Electrician

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Electrician
TVA Linemen.jpg
TVA electricians, Tennessee, 1942
Occupation
Occupation typeVocation
Activity sectorsConstruction, Maintenance, Electrical grid
Description
Related jobsLineman
 
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Electrician
TVA Linemen.jpg
TVA electricians, Tennessee, 1942
Occupation
Occupation typeVocation
Activity sectorsConstruction, Maintenance, Electrical grid
Description
Related jobsLineman

An electrician is a tradesperson specializing in electrical wiring of buildings, stationary machines and related equipment. Electricians may be employed in the installation of new electrical components or the maintenance and repair of existing electrical infrastructure.[1] Electricians may also specialize in wiring ships, airplanes and other mobile platforms also data and cable.

Terminology[edit]

Electricians were originally people that demonstrated or studied the principles of electricity, very typically electrostatic generators of one form or another.[2]

In the United States, electricians are divided into two primary categories: linemen, who work on electric utility company distribution systems at higher voltages, and wiremen, who work with the lower voltages utilized inside buildings. Wiremen are generally trained in one of five primary specialties: commercial, residential, light industrial, industrial, and low-voltage wiring, more commonly known as Voice-Data-Video, or VDV. Other sub-specialties such as control wiring and fire-alarm may be performed by specialists trained in the devices being installed, or by inside wiremen.

Electricians are trained to one of three levels: Apprentice, Journeyman, and Master Electrician. Apprentices in the US and Canada are working to learn the electrical trade. They generally take several hundred hours of classroom instruction and are contracted to follow apprenticeship standards for a period of between three and six years, during which time they are paid as a percentage of the Journeyman's pay. Journeymen are electricians who have completed their Apprenticeship and who have been found by the local, State, or National licensing body to be competent in the electrical trade. Master Electricians have performed well in the trade for a period of time, often seven to ten years, and have passed an exam to demonstrate superior knowledge of the National Electrical Code, or NEC.

Service electricians are tasked to respond to requests for isolated repairs and upgrades. They have considerable skills troubleshooting wiring problems, installing wiring in existing buildings, and making repairs. Construction electricians primarily focus on larger projects, such as installing all new electrical system for an entire building, or upgrading an entire floor of an office building as part of a remodeling process. Other specialty areas are marine electricians, research electricians and hospital electricians. "Electrician" is also used as the name of a role in stagecraft, where electricians are tasked primarily with hanging, focusing, and operating stage lighting. In this context, the Master Electrician is the show's chief electrician. Although theater electricians routinely perform electrical work on stage lighting instruments and equipment, they are not part of the electrical trade and have a different set of skills and qualifications from the electricians that work on building wiring.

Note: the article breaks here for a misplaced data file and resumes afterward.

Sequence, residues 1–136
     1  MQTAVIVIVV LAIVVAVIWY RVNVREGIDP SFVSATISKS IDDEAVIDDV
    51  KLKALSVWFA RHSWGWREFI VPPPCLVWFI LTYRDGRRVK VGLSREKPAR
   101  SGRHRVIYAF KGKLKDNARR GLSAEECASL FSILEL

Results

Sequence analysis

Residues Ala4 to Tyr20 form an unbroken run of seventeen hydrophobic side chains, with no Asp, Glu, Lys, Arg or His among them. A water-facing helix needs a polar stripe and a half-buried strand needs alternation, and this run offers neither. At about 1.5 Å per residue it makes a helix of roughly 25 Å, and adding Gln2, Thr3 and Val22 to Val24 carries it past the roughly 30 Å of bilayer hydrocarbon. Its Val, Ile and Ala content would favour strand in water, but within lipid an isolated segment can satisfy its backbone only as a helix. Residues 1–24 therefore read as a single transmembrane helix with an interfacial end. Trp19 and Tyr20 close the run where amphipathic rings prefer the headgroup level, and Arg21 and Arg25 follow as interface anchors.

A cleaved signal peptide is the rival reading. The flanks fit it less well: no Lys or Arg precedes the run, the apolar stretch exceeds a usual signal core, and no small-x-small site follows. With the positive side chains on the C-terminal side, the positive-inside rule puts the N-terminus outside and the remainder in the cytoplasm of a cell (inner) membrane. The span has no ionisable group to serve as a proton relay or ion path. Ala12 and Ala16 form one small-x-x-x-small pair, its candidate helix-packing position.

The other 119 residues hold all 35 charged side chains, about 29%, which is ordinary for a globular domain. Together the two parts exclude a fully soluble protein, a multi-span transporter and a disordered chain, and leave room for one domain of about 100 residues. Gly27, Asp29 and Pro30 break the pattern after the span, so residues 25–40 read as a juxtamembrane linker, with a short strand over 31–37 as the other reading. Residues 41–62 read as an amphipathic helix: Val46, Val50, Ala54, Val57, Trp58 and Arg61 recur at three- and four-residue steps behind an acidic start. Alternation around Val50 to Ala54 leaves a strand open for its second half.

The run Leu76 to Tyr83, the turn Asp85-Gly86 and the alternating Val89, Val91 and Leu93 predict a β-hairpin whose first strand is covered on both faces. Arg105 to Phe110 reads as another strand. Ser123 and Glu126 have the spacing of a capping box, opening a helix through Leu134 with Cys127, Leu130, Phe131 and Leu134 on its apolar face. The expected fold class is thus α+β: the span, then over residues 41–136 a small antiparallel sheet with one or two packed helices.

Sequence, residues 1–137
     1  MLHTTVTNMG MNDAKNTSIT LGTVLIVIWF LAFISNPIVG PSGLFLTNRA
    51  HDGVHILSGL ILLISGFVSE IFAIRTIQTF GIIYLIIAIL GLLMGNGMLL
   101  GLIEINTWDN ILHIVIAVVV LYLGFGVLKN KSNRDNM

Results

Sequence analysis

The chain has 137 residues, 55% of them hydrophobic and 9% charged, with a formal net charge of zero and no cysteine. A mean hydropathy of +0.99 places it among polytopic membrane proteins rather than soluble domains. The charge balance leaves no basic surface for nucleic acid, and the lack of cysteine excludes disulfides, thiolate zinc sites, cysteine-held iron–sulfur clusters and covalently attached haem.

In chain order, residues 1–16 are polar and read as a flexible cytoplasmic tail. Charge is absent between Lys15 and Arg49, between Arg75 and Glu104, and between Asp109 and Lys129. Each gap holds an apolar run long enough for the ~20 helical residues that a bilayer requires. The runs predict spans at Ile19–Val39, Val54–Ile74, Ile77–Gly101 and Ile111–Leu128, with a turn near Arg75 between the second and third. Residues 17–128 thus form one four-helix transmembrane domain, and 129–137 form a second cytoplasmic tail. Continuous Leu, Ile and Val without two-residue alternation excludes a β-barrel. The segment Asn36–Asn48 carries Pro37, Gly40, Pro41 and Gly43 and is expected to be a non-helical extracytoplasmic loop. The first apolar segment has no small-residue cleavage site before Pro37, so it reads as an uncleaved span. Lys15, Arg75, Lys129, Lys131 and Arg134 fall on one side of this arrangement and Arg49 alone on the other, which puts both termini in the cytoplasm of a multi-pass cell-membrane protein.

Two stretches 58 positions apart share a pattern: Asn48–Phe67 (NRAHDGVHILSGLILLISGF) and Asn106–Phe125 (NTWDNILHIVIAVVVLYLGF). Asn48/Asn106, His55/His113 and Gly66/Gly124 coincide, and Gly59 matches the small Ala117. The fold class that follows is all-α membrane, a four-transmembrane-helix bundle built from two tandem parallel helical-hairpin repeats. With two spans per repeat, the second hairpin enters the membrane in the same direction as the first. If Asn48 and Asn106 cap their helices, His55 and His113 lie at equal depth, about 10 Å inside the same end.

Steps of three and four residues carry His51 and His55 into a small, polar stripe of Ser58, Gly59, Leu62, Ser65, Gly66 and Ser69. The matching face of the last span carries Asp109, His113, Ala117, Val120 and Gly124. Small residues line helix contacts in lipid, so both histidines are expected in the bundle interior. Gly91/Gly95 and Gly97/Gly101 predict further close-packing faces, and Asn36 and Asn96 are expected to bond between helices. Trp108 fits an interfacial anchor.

In the film industry[where?] and on a television crew the Electrician is referred to as a Gaffer.[citation needed]

Electrical contractors are businesses that employ electricians to design, install, and maintain electrical systems. Contractors are responsible for generating bids for new jobs, hiring tradespeople for the job, providing material to electricians in a timely manner, and communicating with architects, electrical and building engineers, and the customer to plan and complete the finished product.

Training and regulation of trade[edit]

An electrician hooking up a generator to a home's electrical panel.

Many jurisdictions have regulatory restrictions concerning electrical work for safety reasons due to the many hazards of working with electricity. Such requirements maybe testing, registration and/or licensing. Licensing requirements vary between jurisdictions.

Australia[edit]

An electrician's license entitles the holder to carry out all types of electrical installation work in Australia without supervision. However, to contract, or offer to contract, to carry out electrical installation work, a licensed electrician must also be registered as an electrical contractor. Under Australian law, electrical work that involves fixed wiring is strictly regulated and must almost always be performed by a licensed electrician and/or electrical contractor.[3][4] A local electrician can handle a range of work including air conditioning, data, and structured cabling systems, home automation & theatre, LAN, WAN and VPN data solutions, light fittings and installation, phone points, power points, safety inspections and reports, safety switches, smoke alarm installation, inspection and certification and testing and tagging of electrical appliances.

Electrical licensing in Australia is regulated by the individual states. In Western Australia the Department of Commerce tracks licensee's and allows the public to search for individually named/licensed Electricians.[5]

Currently in Victoria the apprenticeship last for four years, during three of those years the apprentice attends trade school in either a block release of one week each month or one day each week. At the end of the apprenticeship the apprentice is required to pass three examinations, one of which is theory based with the other two practically based. Upon successful completion of these exams, providing all other components of the apprenticeship are satisfactory, the apprentice is granted an A Class licence on application to Energy Safe Victoria (ESV).

An A Class electrician may perform work unsupervised but is unable to work for profit or gain without having the further qualifications necessary to become a Registered Electrical Contractor (REC) or being in the employment of a person holding REC status. However, some exemptions do exist.[6]